Erik was already on his road to meet them, and saw the head from afar off, and, understanding the whole foul contrivance, he bade his men keep silent and behave warily; no man was to be rash or hasty of speech, lest by some careless outburst they might give some opening to the sorceries; adding that if talking happened to he needed, he would speak for all. And they were now parted by a river; when the wizards, in order to dislodge Erik from the approach to the bridge, set up close to the river, on their own side, the pole on which they had fixed the horse's head. Nevertheless Erik made dauntlessly for the bridge, and said: "On the bearer fall the ill-luck of what he bears! May a better issue attend our steps! Evil befall the evil-workers! Let the weight of the ominous burden crush the carrier! Let the better auguries bring us safety!" And it happened according to his prayer. For straightway the head was shaken off, the stick fell and crushed the bearer. And so all that array of sorceries was baffled at the bidding of a single curse, and extinguished.
Then, as Erik advanced a little, it came into his mind that strangers ought to fix on gifts for the king. So he carefully wrapped up in his robe a piece of ice which he happened to find, and managed to take it to the king by way of a present. But when they reached the palace he sought entrance first, and bade his brother follow close behind. Already the slaves of the king, in order to receive him with mockery as he entered, had laid a slippery hide on the threshold; and when Erik stepped upon it, they suddenly jerked it away by dragging a rope, and would have tripped him as he stood upon it, had not Roller, following behind, caught his brother on his breast as he tottered. So Erik, having half fallen, said that "bare was the back of the brotherless." And when Gunwar said that such a trick ought not to be permitted by a king, the king condemned the folly of the messenger who took no heed against treachery. And thus he excused his flout by the heedlessness of the man he flouted.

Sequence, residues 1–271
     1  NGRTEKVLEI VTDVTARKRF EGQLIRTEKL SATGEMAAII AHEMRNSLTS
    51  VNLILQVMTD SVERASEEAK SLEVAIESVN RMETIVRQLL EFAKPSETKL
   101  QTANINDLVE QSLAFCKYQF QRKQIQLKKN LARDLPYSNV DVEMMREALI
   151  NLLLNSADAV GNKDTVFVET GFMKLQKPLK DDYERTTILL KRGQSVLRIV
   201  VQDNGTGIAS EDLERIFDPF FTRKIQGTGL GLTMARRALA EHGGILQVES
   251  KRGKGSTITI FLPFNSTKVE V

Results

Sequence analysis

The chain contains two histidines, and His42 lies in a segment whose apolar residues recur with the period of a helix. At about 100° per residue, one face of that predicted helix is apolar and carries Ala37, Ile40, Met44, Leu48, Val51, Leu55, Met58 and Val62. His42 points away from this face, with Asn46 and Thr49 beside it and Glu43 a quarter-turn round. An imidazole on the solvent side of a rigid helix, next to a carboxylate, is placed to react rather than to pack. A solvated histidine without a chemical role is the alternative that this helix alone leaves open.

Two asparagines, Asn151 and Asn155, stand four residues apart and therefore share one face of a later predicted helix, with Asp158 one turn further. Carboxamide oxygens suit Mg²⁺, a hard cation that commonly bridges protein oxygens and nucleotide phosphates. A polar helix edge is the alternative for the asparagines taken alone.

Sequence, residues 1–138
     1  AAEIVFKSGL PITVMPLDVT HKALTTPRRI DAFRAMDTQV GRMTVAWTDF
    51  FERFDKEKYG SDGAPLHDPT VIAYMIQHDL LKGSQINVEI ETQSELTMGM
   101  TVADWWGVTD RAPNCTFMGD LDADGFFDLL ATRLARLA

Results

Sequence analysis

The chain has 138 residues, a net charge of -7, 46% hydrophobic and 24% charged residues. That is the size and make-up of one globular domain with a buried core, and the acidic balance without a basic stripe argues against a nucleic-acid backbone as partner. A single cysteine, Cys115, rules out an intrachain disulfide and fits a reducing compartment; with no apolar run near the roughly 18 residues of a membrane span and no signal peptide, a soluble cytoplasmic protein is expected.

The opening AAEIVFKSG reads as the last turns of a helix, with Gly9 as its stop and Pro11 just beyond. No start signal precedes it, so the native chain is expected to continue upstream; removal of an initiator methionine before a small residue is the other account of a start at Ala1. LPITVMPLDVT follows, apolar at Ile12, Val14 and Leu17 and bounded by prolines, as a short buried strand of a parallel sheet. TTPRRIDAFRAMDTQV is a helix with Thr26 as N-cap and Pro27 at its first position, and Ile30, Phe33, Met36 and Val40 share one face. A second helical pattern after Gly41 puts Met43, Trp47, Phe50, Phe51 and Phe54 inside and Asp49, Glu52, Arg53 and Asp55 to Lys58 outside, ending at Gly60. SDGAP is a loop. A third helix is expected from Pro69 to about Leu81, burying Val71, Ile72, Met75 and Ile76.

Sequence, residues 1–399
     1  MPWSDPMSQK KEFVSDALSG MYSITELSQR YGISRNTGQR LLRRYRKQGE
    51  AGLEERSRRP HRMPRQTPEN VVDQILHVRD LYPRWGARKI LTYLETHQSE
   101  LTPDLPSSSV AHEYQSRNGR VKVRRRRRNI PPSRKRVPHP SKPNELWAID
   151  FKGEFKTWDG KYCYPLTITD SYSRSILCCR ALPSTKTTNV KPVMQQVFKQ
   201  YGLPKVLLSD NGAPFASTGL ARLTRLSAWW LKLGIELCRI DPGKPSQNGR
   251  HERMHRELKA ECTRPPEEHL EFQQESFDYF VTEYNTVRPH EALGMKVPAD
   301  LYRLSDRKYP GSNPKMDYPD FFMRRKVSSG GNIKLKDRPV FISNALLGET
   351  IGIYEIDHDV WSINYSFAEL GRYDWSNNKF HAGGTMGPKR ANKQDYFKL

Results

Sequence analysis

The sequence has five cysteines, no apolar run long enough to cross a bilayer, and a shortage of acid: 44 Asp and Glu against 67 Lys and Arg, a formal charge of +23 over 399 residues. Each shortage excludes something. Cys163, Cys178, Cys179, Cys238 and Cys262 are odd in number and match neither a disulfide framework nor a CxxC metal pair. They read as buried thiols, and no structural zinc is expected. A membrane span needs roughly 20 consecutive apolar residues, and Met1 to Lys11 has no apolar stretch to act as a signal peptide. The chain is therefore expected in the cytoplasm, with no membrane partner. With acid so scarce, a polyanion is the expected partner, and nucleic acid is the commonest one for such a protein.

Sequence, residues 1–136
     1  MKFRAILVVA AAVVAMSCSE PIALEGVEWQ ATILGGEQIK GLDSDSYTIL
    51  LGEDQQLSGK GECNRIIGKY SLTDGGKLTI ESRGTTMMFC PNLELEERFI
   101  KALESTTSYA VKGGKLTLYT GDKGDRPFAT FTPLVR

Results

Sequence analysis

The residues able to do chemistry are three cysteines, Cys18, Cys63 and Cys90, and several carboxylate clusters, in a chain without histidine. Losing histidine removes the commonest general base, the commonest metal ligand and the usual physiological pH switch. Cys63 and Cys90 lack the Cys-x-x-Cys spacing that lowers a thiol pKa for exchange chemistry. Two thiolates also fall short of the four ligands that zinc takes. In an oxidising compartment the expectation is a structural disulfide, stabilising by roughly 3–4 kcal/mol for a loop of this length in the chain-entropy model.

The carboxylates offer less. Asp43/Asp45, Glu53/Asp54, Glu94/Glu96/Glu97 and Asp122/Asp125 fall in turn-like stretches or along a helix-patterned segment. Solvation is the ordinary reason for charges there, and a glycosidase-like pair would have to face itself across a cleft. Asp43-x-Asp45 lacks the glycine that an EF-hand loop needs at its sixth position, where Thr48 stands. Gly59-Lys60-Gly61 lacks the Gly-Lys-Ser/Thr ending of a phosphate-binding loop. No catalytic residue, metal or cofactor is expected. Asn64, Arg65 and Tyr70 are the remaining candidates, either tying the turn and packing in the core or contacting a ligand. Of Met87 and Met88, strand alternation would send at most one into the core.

Within the palace was blazing a fire, which the aspect of the season required: for it was now gone midwinter. By it, in different groups, sat the king on one side and the champions on the other. These latter, when Erik joined them, uttered gruesome sounds like things howling. The king stopped the clamour, telling them that the noises of wild beasts ought not to be in the breasts of men. Erik added, that it was the way of dogs, for all the others to set up barking when one started it; for all folk by their bearing betrayed their birth and revealed their race. But when Koll, who was the keeper of the gifts offered to the king, asked him whether he had brought any presents with him, he produced the ice which he had hidden in his breast. And when he had handed it to Koll across the hearth, he purposely let it go into the fire, as though it had slipped from the hand of the receiver. All present saw the shining fragment, and it seemed as though molten metal had fallen into the fire. Erik, maintaining that it had been jerked away by the carelessness of him who took it, asked what punishment was due to the loser of the gift.
The king consulted the opinion of the queen, who advised him not to relax the statute of the law which he had passed, whereby he gave warning that all who lost presents that were transmitted to him should be punished with death. Everyone else also said that the penalty by law appointed ought not to be remitted. And so the king, being counselled to allow the punishment as inevitable, gave leave for Koll to be hanged.
Then Frode began to accost Erik thus: "O thou, wantoning in insolent phrase, in boastful and bedizened speech, whence dost thou say that thou hast come hither, and why?"
Erik answered: "I came from Rennes Isle, and I took my seat by a stone."
Frode rejoined: "I ask, whither thou wentest next?"
Erik answered. "I went off from the stone riding on a beam, and often again took station by a stone."
Frode replied: "I ask thee whither thou next didst bend thy course, or where the evening found thee?"
Then said Erik: "Leaving a crag, I came to a rock, and likewise lay by a stone."
Frode said: "The boulders lay thick in those parts."
Erik answered: "Yet thicker lies the sand, plain to see."
Frode said: "Tell what thy business was, and whither thou struckest off thence."
Then said Erik: "Leaving the rock, as my ship ran on, I found a dolphin."
Frode said: "Now thou hast said something fresh, though both these things are common in the sea: but I would know what path took thee after that?"